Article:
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That Touch of Va-Va-Va-Voom

Designer Anne Bowen drapes stars in slinky confections that sport beads and silk and show plenty of skin.

May 04, 2000|TAMARA IKENBERG | BALTIMORE SUN

"Move over, Jennifer Lopez," hoots Anne Bowen, fashion designer to the stars and maker of a risque dress modeled by "The Sopranos" actress Oksana Babiy.

Indeed, the only thing between Babiy's halter top and long skirt are provocative strands of crystals that skim and shine against Babiy's bare skin. As she struts through the Maryland boutique hosting Bowen's fashion show, there's no cleavage, but there's major hippage. One false move and Babiy could be arrested for indecent exposure.

A version of this bombshell dress will be worn by a "One Life to Live" actress at the daytime Emmy Awards, which will be broadcast on May 19. Bowen, 36, didn't do the Oscars this year. But such a gutsy gown would have been welcome on a night when even Cher played it safe, and the most inspired fashion statement was made by "South Park" creators Trey Parker and Matt Stone in Jennifer Lopez and Gwyneth Paltrow drag.

In the often dull world of evening wear, Bowen's clothes offer a sexy, chic twist--a striking blend of beads, silk taffeta and other luxury fabrics in earthy tones, with a touch of disco or bohemian flair.

The sassy pieces would look at home on any awards show. And that's smart--Bowen knows that dressing actresses makes good fashion sense.

"The stakes are higher," says Bowen, who lives and works in midtown Manhattan. "A celebrity wearing your clothes reaches [millions]; it makes sense to go after it."

Bowen burst onto the scene about five years ago. But long before then, she was designing her own funky wardrobe. She graduated from Stetson University in Florida with a political science degree and has no formal fashion training. And she's proud of that.

"I just knew how to do it," she says.

A couple of well-placed friends got her started in the celeb-dressing biz. Now her famous clients include actresses Susan Lucci, Kim Cattrall and Anjelica Huston. ("L.A. is a great market for us," says Bowen, " 'cause women really do take pride in their shape. They all look so great, they're hard to ignore.")

Her line is carried at such stores as Nordstrom and Bergdorf Goodman. Dresses run from $700 to $1,100, gowns from $1,100 to $2,200.

Babiy was Bowen's fit model before she was cast in the role of Irina, a stripper-turned-mistress to Tony Soprano. The tall, moon-faced knockout with long dark hair and a thick Ukrainian accent looks down at the slinky, fuzzy silk dress she's wearing. She laughs and says, "It's not a dress for daily life. You can't wear anything underneath. It makes it very tricky."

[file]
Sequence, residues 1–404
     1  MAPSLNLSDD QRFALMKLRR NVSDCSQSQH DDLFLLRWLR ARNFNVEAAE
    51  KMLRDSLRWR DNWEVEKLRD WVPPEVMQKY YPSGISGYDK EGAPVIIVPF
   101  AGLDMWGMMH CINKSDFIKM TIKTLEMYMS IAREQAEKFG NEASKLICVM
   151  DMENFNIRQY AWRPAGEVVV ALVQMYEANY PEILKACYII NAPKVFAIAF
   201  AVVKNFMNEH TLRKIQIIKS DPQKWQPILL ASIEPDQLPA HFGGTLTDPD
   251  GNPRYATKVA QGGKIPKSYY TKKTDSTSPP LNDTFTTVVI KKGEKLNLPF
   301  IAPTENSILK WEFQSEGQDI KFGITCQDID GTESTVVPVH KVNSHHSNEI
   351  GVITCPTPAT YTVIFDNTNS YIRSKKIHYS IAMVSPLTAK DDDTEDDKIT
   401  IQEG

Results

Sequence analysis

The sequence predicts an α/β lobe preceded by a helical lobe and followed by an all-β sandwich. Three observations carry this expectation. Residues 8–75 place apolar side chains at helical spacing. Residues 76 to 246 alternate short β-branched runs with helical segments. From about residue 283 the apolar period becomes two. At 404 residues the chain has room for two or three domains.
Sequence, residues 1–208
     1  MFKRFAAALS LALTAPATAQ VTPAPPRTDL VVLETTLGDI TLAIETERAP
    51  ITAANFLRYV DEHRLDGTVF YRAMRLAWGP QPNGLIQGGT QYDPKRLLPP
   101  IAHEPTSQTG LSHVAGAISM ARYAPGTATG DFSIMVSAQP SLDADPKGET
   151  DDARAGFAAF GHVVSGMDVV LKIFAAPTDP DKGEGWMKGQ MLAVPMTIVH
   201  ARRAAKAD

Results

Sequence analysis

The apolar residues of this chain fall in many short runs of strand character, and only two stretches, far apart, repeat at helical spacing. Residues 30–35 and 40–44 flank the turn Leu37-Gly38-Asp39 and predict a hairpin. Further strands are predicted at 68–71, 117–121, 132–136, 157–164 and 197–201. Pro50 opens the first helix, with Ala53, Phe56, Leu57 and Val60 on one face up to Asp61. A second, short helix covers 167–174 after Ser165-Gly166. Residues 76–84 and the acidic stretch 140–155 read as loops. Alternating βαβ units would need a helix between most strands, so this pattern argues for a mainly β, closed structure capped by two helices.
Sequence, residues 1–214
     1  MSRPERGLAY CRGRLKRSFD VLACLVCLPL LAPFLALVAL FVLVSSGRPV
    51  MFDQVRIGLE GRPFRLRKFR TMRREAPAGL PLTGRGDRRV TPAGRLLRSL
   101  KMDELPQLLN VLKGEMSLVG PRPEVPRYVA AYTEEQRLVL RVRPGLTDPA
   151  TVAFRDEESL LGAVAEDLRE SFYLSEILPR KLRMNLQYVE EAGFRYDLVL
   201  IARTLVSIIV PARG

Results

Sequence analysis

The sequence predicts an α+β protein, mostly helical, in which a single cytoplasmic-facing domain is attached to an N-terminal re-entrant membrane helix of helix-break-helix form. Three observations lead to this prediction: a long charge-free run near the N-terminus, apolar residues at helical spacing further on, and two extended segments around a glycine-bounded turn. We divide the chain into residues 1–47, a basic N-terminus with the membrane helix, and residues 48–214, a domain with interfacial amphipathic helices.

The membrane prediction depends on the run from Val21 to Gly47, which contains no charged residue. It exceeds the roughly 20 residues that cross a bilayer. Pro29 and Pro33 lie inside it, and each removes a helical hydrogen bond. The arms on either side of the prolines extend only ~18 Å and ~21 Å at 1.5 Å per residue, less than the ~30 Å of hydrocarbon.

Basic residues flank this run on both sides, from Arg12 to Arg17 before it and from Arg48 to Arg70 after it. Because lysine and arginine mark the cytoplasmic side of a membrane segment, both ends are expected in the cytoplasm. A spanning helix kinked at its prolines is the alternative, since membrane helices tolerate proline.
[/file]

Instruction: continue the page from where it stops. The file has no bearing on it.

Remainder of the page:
Minutes later, Babiy reemerges from a dressing room considerably more clothed, but no less stunning, in a long, russet mohair coat with beading and flared, flower-patterned lace pants. No amount of airbrushing could improve this picture.

"This is the way to do evening when it's not black tie," Bowen explains.

What about wedding wear?

Ellen Gilman, 52, is in the market for a gown to wear to her son's September wedding. In a strapless Bowen gown with sequins, the Owings Mills, Md., resident hunts through a rack of Bowen originals for more possibilities.

"I have no idea what I'm looking for," she groans. Her spirits are lifted when she spies a dark green, spaghetti-strapped gown with a copper beaded bodice. She whisks it into the dressing room.

Gilman and other clients aren't necessarily into flash and flesh, and these pieces show Bowen knows how to tone it down.

"She's very talented and she's very accommodating," says Jane Simpson, general manager of Octavia, the boutique hosting the fashion show.

She adds that in evening wear, a tough market to freshen up, Bowen's clothes always offer "some little surprises."

Today, Bowen is hands-on and straightforward as she deals with clients, presents them with alternatives and accompanies them into the dressing room.

Don't expect this kind of control in the world of celluloid style. Actresses may say they'll wear your dress and then back out. Sometimes, you may not even know who ended up wearing one of your designs.

Famous fashion statements are often dictated by the stylist, not the celeb, Bowen says. Stylists have all the power because "celebrities don't have the time to really research a look or a designer. There's not time. Imagine their schedule. At the end of the day, they really don't know what's in and what's not."

But Bowen has a pretty good idea of what's in.

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